A: No, because we have so many missiles with various ranges. And we are seeking to make achievements in other sectors. We are moving from subsonic missiles to supersonic missiles, and from traditional decks to modern decks. The traditional deck of a destroyer carries few missiles, but modern ones carry a lot of missiles from surface-to-surface missiles to surface-to-air missiles. We are really turning from a traditional navy to a modern one. We will have a busy November this year (November 27 is the Navy Day in Iran). First of all, we have boosted the combat readiness of our destroyers over the past year. Now they have a better maneuvering capability with more advanced weaponry. They also have better missile defense systems and new precision-guided defense missiles as well as underwater sonar systems. All of our destroyers have been upgraded and now they have all of these capabilities. In November, God willing, we will hold a naval parade with all of our destroyers for the first time on the occasion of Navy Day, which will demonstrate our full combat readiness. The destroyer Dena will join the Navy in November. We made efforts to make this happen during the Sacred Defense Week. But we have done some improvements to it that took a long time. We added some new features to it. Unlike the past, we are in no rush to join destroyers to the Navy, because we want to carefully upgrade our equipment. We have recently paid a visit to Dena. Improvement in working is going fast. This destroyer is an upgraded version of the Jamaran type. And we also have Saba minesweeper, which is designed to be used in demining operations. If the enemy tries to mine our ports or our territories, Saba will help us in demine these territories. We have a Zereh missile cruiser which is Peykan-class and very fast, powerful, and equipped with new missile systems. We have manufactured four Zereh cruisers in the Caspian Sea and the fifth Zereh cruiser is being manufactured in southern Iran. We have a number of old-version Zereh missile cruisers. But we are making more advanced versions of this cruiser.

Besides, we have designed new-generation towboats. When we say towboat, some may say it’s a simple thing that will tow something else. However, towboats are very crucial in accelerating maritime operations. We are manufacturing the strongest of towboats, which is 6,000 horsepower. We didn’t possess such powerful towboats. All of our towboats were imported. But this towboat is being manufactured in Iran.

After November 27, God willing, we will also see the joining of other equipment to the Navy. For example, a new upgraded version of the destroyer Damavand will join the Navy. New capabilities have been added to Damavand which I will declare when it joins the Navy. But it has undergone major and nice changes. It was changed in a way that makes it compatible with the Caspian Sea. We have made a lot of technological works.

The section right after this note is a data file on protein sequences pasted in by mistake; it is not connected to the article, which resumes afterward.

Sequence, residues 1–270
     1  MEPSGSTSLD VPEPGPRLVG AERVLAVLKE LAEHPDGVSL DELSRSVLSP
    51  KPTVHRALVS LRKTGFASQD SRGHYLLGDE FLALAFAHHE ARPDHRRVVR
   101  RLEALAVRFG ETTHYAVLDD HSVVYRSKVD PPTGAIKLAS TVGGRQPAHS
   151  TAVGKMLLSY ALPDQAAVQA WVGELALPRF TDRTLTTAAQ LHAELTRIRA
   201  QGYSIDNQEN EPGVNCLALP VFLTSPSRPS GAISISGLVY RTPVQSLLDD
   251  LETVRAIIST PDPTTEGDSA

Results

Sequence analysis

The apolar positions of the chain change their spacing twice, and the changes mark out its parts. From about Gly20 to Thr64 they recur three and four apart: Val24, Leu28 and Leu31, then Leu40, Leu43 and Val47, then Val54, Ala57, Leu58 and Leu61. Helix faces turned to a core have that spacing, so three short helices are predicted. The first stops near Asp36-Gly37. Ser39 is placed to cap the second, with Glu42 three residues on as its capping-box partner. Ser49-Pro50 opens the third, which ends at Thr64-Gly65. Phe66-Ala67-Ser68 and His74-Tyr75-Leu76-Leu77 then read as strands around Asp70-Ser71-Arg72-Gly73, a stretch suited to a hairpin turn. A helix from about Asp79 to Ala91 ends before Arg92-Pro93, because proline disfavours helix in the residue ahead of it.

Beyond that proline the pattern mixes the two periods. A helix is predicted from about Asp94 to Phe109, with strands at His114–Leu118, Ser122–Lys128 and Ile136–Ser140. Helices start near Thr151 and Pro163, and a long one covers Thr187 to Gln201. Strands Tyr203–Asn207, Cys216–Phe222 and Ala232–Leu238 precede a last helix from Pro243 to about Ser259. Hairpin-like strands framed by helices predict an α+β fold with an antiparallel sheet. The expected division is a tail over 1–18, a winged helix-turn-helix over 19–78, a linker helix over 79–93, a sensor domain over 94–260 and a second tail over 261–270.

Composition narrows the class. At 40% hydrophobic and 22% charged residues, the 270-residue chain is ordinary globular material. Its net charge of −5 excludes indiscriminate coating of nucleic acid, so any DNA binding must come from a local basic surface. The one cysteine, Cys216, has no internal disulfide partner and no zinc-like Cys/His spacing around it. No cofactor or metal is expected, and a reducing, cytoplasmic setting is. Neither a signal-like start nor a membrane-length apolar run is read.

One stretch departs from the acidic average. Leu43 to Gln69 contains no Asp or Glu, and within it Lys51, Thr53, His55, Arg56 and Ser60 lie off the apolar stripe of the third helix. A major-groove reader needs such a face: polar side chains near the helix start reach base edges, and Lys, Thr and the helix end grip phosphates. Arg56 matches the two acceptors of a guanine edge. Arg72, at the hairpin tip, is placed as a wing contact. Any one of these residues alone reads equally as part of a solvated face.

Q: Recently, it was announced that Iran is making an unmanned submarine. Can you give us information about this submarine?

A: Submarines are a very broad issue. Today, we have reached the highest level of submarine technology. Unmanned submarines are a little bit complicated. But we are strongly interested in this type of submarines. In past years, the commander-in-chief has reiterated that we should take the control of the region with submarines. He exactly pointed to the enemies’ weak spots. Today, we remain focused on submarines among other things. We are not willing to give more details, but we have a lot of surprises for the enemies and global arrogance.

Q: We would like to discuss the Navy’s social services. Does the Navy engage in providing social services? The Leader of the Islamic Revolution has issued orders to make the Persian Gulf islands inhabitable. Does the navy has any role in making these islands inhabitable?

A: Over the past years, we have created a division of labor. Accordingly, the IRGC’s navy is responsible for the Persian Gulf region. Most of our islands are located there. Therefore, the efforts that are being done by our dear colleagues in the IRGC in their area of responsibility are very valuable. They take measures to increase the stability in the Persian Gulf. We [the Army’s Navy] are mainly focused on eastern territories. Over the past 10 years, we have built a number of big bases there. For example, thanks to the deployment of the Navy in Jask, thousands of employees moved to Jask, which lacked infrastructures in the past, but the Navy created infrastructures such as roads, airports, and ports. A national airport has been built in Jask. The Navy invested there. When we station our forces there, this means that government employees make a living there. If you visit Jask today, you will see the difference. Jask has tremendously changed over the past years. Similarly, Konarak has also changed. Konarak is near Chabahar and we seek to develop it. These are our very important civilization centers. The Leader has said the Sea of Oman is the backyard of the Persian Gulf. The Army also helps people during natural disasters. The first forces that rushed to help the people during the latest floods that hit Sistan-Balouchestan and Hormozgan provinces were the army forces.

The Army also holds industrial training courses in southern Iran, where we also built two big hospitals with advanced capabilities. These hospitals will be inaugurated soon. We built a 128-bed hospital in Bandar Abbas and another 96-bed one in Konarak. Last year, we also started the construction of Jask’s hospital.